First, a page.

General Motors engineer Aaron Pfau paused as he approached a dangerously sloped turn against a five-foot clay wall while off-roading in his Chevrolet Colorado ZR2 in June. He had to get through, but he knew he couldn't move past it without hurting his truck.
"Knowing my track width and my wheelbase and looking into the features and the geometry of this turn, I knew there was no way I was going to be able to get out of there without some kind of damage," he said.
He hit the gas to get through quickly and ended up with a cracked taillight. Afterward he thought: A Hummer could have crab-walked through that turn unscathed.
Moments such as this, when more sophisticated off-roading technology could have improved the drive experience or avoided damage, guided GM engineers as they developed the 2022 GMC Hummer EV pickup, revealed last month. GM handpicked a roster of off-road enthusiasts to develop the Hummer, slated to compete with gasoline-powered off-road offerings from Ford, Jeep and Land Rover.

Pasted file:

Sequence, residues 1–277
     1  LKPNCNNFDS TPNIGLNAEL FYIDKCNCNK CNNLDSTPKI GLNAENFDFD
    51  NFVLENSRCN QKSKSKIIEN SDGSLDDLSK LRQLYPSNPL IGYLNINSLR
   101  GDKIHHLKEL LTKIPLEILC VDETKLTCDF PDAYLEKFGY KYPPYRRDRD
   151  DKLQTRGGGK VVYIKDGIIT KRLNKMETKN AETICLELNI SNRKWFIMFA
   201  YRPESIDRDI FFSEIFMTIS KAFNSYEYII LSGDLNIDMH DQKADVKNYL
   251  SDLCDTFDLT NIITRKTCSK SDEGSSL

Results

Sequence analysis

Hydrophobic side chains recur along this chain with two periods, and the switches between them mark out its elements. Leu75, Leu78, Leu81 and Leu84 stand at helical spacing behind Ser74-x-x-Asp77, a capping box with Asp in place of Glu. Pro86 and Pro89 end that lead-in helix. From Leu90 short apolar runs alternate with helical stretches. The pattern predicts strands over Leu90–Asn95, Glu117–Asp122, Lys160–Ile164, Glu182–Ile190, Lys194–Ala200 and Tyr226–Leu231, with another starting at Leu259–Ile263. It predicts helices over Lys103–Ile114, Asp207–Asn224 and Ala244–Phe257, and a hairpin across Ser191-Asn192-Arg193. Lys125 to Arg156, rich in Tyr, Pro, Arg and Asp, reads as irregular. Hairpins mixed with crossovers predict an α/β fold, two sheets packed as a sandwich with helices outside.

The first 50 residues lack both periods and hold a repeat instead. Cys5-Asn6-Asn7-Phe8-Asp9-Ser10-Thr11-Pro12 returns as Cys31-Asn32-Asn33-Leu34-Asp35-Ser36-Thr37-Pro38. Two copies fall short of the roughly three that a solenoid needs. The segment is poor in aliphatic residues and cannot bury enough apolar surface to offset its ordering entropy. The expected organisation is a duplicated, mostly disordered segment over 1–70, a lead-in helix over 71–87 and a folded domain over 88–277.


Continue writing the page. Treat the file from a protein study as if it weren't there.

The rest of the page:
Pfau, lead development engineer for the Hummer, started off-roading all-terrain vehicles as a teenager. "I was a little bit of an adrenaline junkie. Off-roading fit that bill," he said. "It was all about pushing whatever it was that I was driving and pushing myself as well. As an adult, I realize I was attracted to the challenge as well as the adrenaline that came with the challenge."
He's taken his trucks trail driving and river crossing, but today he mostly focuses on rock crawling.
Todd Hubbard, vehicle performance engineer, also is an experienced off-roader, and Mike Colville, senior manager of electric vehicle feature integration, has competed in King of the Hammers, an off-road race that combines desert racing and rock crawling.
GM also has an internal off-road driving team for employees who want to share their experiences and learn from others.
"It helps foster some of that knowledge that eventually does work its way into future programs," said Pfau.
Traditional off-roading vehicles, such as Pfau's ATV and Polaris' RZR, usually roar through the rocks and rivers. "By the end of the day, you're kind of exhausted just from hearing this buzz constantly," Pfau said. With Hummer, the engineers knew they could eliminate some of the noise that comes with off-roading.
"One of the coolest things about this program was we have a battery-electric off-roader, a low center of gravity and gobs of torque. The combination of that from an off-road standpoint is going to be awesome," he said.